Facebook, Twitter, Instagram, Pintrist – all the popular social media network sites – have added a whole new dimension to cheating on your significant other.  When does innocent sexually-laced banter with a Facebook friend cross the line of propriety?

The subject of a research project a team from Texas Tech University led by Jaclyn Cravens, a PhD candidate now lecturing in Nevada, is Facebook Infidelity. 

In the era of Anthony Weiner sexting scandals, it’s pretty relevant.

“During my masters program for Marriage & Family Therapy, when I started seeing clients I realized pretty quickly that I had three couples that all were coming in for different presenting problems but as we were talking in therapy Facebook kept coming up, with one partner being mad that the pther partner would get on their account and read messages, or one partner being upset because they were finding inappropriate messages.  So I started looking into the research and found there wasn’t much,” Cravens told KTRH News.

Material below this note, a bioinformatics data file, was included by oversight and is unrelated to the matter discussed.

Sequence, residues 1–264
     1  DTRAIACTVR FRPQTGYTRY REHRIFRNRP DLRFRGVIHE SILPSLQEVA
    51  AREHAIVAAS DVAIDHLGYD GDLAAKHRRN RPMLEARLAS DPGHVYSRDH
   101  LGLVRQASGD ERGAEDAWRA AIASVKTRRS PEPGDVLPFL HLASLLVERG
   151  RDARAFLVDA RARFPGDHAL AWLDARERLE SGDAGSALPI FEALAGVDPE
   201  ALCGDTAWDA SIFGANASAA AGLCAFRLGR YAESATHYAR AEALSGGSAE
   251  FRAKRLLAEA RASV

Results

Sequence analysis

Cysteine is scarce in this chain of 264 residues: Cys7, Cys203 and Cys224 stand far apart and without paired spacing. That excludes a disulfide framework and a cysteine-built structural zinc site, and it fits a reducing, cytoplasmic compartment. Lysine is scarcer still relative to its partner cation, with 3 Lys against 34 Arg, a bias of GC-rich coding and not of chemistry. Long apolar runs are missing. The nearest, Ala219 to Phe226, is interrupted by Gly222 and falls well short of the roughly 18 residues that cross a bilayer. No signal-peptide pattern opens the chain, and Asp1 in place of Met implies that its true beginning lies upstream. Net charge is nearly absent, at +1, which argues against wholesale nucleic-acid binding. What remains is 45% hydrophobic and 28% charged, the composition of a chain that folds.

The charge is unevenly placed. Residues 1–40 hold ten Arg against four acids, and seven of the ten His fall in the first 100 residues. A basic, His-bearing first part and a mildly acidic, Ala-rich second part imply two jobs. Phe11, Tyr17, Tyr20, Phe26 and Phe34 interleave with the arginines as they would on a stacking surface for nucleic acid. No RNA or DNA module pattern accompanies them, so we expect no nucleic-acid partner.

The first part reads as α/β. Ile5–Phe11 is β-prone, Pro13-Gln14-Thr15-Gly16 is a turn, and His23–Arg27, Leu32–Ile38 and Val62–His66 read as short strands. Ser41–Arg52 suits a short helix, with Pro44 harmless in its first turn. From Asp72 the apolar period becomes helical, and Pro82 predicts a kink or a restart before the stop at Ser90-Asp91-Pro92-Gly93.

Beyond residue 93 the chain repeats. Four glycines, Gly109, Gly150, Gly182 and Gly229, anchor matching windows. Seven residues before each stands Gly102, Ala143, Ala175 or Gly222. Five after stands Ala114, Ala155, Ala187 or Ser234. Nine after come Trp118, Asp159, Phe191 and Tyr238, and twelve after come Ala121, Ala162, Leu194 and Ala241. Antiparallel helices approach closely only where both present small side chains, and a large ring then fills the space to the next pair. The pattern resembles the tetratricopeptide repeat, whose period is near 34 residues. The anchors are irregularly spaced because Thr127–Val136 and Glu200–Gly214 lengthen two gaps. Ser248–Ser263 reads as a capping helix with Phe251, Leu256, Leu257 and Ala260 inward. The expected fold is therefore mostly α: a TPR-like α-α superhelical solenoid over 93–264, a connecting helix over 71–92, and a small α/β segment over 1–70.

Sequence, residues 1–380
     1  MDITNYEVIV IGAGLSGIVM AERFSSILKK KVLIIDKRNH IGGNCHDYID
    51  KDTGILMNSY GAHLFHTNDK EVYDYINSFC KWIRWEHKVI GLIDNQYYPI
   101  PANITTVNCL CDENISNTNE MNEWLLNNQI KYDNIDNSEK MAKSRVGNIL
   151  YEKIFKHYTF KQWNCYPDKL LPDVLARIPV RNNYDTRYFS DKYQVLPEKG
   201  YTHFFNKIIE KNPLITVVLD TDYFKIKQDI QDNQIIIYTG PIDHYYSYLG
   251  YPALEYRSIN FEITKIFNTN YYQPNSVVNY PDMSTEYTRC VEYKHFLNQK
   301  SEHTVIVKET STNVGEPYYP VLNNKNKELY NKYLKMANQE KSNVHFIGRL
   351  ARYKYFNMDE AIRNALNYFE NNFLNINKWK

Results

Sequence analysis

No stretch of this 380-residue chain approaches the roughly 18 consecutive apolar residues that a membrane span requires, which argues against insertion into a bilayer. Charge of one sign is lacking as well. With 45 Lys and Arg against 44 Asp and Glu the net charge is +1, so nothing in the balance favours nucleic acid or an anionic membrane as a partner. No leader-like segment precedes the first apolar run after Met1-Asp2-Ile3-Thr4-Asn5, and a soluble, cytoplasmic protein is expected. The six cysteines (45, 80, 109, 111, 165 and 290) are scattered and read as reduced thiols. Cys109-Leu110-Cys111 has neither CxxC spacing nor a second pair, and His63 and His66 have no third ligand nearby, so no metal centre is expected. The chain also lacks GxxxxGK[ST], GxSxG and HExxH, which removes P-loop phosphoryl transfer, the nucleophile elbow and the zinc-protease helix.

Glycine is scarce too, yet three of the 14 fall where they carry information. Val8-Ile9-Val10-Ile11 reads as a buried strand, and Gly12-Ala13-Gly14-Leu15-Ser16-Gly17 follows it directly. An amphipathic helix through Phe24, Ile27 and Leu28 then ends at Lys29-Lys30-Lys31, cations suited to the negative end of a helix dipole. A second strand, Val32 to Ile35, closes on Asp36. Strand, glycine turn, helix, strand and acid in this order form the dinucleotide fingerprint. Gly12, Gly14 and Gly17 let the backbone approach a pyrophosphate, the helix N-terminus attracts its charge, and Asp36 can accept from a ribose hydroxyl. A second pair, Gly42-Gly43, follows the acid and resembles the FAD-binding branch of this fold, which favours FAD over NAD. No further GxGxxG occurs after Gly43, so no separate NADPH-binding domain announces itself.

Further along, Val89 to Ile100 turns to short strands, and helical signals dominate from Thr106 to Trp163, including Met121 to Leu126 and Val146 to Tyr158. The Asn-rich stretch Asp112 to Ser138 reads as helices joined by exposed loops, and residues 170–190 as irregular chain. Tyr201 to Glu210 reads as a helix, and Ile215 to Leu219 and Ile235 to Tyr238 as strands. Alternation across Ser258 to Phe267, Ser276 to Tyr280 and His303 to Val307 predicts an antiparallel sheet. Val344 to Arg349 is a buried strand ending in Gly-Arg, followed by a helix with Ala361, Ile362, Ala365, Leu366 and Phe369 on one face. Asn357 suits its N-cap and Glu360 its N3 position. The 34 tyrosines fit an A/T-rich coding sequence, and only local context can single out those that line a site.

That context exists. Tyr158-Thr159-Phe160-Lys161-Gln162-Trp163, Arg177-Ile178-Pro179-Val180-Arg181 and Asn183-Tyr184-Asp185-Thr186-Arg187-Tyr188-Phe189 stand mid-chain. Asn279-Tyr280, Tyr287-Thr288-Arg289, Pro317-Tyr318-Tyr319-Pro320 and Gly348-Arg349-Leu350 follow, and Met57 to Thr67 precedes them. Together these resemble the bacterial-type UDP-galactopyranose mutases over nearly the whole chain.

What she found was that cheating pretty much cheating.  It often involves dishonesty, lies, fights, and hurt feelings.  Not too much different than cheating in person.

Cravens and her research team have worked out what she calls a “process model” that moves through different stages of the ways people deal with the information.  And she says the root causes of infidelity tend to be the same, whether conducted online or face-to-face.